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Microsoft’s Krysta Svore Explores the Present Status of QC & Its Future Implications on “Hansel Minutes” Podcast

Dr. Krysta Svore is a distinguished researcher and leads Microsoft Quantum — Redmond (QuArC) group. Her expertise spans quantum computation, algorithms and high-level programming. A Ph.D. graduate from Columbia University, her research has included machine learning (ML) algorithms, web search, information retrieval, and web user dynamics.

This month, Svore featured on the popular coding podcast Hansel Minutes. Scott Hanselman, the host of the podcast, asked Svore about quantum computing, its current state and its potential impact.

Svore explained that quantum computers exist today, but are in early forms and not yet more powerful than classical computers. As they scale up, she noted, they’re expected to outperform classical computers on certain problems, solving in hours what would take billions of years conventionally. Quantum computers, she went on, are not necessarily faster in clock rate but are more efficient due to fewer operations needed in algorithms.

“Quantum computers exist today actually and really they’ve been around in a very small early form for several years now. Our goal now is to see a quantum computer scale up. They can’t do anything more powerful than your classical computers but as we scale them up, the promise is that on certain problems they’re going to far outperform what we can do with your conventional computing.”

 — Dr. Krysta Svore

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Quantum computers are viewed as accelerators, like GPUs or FPGAs, and will not replace conventional computing but complement it for specific problems. Svore also touched on the influence of quantum computing in fields like ML, envisioning a future where quantum mechanics help create better models for various applications.

The conversation delved into the technical aspects of quantum computing, including qubits, superposition and quantum interference. Svore clarified to the interviewer the misconceptions and explained how qubits operate in a quantum state, being able to represent multiple possibilities simultaneously. This leads to a discussion on quantum algorithms and their probabilistic nature, with the quantum computer sculpting solutions to amplify the probability of obtaining the correct answer.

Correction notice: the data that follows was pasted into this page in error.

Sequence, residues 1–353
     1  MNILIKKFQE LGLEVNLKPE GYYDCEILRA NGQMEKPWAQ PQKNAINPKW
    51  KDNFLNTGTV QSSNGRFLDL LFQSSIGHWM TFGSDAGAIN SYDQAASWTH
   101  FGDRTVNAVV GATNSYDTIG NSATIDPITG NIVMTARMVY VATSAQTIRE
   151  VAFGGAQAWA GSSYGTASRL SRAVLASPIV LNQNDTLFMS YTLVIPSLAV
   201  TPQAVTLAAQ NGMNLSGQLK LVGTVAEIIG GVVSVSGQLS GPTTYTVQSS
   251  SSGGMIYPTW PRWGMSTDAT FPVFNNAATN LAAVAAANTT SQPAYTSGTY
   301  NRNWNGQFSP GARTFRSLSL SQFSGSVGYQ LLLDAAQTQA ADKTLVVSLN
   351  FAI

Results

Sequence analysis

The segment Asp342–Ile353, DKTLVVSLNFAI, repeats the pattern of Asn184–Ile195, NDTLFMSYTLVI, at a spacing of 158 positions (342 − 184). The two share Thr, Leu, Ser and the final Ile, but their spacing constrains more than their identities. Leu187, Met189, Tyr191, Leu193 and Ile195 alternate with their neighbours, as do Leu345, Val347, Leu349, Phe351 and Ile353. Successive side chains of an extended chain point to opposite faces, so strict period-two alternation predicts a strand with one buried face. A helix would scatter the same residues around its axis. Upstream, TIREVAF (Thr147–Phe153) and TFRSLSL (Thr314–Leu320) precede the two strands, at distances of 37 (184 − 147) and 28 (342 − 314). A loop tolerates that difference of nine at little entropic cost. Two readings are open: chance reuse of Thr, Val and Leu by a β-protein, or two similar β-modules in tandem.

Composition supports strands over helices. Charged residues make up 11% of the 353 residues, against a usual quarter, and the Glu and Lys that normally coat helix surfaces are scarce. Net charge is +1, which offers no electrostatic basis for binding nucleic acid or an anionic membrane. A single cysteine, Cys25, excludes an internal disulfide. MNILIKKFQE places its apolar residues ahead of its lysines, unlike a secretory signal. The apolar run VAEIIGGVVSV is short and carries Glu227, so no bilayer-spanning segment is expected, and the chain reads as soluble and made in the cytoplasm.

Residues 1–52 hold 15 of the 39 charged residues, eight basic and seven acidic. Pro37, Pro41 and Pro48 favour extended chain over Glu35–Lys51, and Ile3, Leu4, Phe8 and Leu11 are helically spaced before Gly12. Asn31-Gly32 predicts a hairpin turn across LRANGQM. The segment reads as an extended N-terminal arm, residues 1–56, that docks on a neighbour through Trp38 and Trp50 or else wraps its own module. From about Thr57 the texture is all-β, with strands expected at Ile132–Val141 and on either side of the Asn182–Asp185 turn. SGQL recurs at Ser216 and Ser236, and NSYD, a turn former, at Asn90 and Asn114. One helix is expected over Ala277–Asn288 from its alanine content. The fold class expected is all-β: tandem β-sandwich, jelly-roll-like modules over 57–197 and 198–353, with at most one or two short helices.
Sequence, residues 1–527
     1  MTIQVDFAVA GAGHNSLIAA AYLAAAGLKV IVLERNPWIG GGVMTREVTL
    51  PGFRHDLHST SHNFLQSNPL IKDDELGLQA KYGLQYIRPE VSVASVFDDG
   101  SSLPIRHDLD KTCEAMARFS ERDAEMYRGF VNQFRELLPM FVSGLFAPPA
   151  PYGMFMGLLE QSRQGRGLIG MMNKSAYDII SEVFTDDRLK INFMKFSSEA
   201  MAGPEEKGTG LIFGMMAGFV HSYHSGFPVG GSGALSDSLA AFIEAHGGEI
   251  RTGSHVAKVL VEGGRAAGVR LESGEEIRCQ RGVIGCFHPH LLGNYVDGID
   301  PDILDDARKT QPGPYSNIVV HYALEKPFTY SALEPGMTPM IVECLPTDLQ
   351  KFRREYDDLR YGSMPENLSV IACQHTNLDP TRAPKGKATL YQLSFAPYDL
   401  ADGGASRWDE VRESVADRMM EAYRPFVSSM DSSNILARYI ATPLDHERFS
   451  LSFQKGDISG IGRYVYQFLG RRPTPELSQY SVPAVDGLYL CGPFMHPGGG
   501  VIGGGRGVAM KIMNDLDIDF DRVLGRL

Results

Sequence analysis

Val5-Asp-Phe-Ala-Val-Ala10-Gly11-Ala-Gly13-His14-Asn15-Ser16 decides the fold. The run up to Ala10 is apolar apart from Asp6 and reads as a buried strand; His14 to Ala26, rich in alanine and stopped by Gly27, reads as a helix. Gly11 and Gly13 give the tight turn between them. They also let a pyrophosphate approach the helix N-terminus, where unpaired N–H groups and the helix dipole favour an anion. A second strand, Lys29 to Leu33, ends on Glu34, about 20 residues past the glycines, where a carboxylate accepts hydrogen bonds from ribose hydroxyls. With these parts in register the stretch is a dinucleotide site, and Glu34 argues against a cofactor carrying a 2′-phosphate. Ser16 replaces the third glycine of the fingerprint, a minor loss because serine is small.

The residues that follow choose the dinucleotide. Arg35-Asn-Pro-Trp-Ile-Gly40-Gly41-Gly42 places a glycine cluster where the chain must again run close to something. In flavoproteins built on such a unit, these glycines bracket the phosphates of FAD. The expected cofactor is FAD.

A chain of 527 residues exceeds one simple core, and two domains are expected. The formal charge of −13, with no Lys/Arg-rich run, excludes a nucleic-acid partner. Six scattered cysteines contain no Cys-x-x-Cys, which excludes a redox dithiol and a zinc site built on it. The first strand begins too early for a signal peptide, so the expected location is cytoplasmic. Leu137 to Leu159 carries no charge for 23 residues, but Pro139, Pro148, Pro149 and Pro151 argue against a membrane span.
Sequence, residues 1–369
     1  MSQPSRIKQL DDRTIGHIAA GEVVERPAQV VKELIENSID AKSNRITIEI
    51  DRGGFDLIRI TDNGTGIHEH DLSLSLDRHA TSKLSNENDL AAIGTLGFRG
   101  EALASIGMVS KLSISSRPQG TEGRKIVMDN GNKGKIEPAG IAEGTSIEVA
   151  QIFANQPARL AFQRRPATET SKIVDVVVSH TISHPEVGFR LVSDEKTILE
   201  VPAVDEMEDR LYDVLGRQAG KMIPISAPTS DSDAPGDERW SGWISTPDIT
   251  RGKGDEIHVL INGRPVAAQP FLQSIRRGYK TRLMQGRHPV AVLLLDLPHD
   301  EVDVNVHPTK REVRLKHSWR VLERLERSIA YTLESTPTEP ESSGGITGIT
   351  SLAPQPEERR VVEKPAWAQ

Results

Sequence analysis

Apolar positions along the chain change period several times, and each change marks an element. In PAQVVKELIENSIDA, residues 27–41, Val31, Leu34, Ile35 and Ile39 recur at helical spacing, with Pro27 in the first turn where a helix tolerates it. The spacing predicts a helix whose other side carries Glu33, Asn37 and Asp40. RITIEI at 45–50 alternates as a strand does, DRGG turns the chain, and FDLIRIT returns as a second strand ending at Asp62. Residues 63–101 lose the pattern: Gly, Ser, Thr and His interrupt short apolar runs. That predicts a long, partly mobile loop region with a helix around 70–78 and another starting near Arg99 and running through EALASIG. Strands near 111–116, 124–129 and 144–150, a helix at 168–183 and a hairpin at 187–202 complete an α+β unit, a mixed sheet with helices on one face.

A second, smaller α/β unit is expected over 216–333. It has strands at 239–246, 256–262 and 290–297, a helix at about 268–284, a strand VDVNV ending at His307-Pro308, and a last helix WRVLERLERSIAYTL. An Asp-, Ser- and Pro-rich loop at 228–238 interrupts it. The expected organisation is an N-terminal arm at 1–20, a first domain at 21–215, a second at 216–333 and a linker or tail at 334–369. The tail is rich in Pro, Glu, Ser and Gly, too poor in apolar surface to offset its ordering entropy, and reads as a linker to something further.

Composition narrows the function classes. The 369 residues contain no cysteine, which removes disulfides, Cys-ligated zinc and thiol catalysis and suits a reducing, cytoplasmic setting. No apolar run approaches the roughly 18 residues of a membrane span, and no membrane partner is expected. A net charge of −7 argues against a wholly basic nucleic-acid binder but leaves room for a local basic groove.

“The key is that when you look at the algorithms, the applications that you’re going to run on a quantum computer, the number of operations in those algorithms or in those applications is so much fewer, so much less than the number of operations you would need to do on your conventional computer, that indeed the ultimate runtime to find the solution is much, much faster.”

 — Dr. Krysta Svore

Further, they discussed Microsoft’s Quantum Development Kit and its new programming language, Q#, designed to make quantum computing more accessible. The kit includes a simulator for running quantum algorithms on classical computers, preparing developers for future scaled-up quantum computers.

Towards the end, Svore advised on identifying problems suitable for quantum computing solutions, bringing attention to tasks involving the simulation of physical systems, materials science, catalysis, and certain machine learning applications. The interview concluded with Svore encouraging listeners to explore Microsoft’s Quantum Development Kit to learn more about quantum computing.

“Quantum computers can help us find solutions to this level of problem… we’re looking at solving things that really give us more knowledge about how to better more efficiently produce food or combat things like global warming. These are no small scale problems; we’re looking at problems that the human race needs to face and solve.”

 — Dr. Krysta Svore

Featured image: Krysta Svore. Credit: Caltech and the Institute for Quantum Information and Matter

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James Dargan

James Dargan is a writer and researcher at The Quantum Insider. His focus is on the QC startup ecosystem and he writes articles on the space that have a tone accessible to the average reader.

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The Future of Materials Discovery: Reducing R&D Costs significantly with GenMat’s AI and Machine Learning Tools

When: July 13, 2023 at 11:30am

What: GenMat Webinar

Picture of Jake Vikoren

Jake Vikoren

Company Speaker

Picture of Deep Prasad

Deep Prasad

Company Speaker

Picture of Araceli Venegas

Araceli Venegas

Company Speaker

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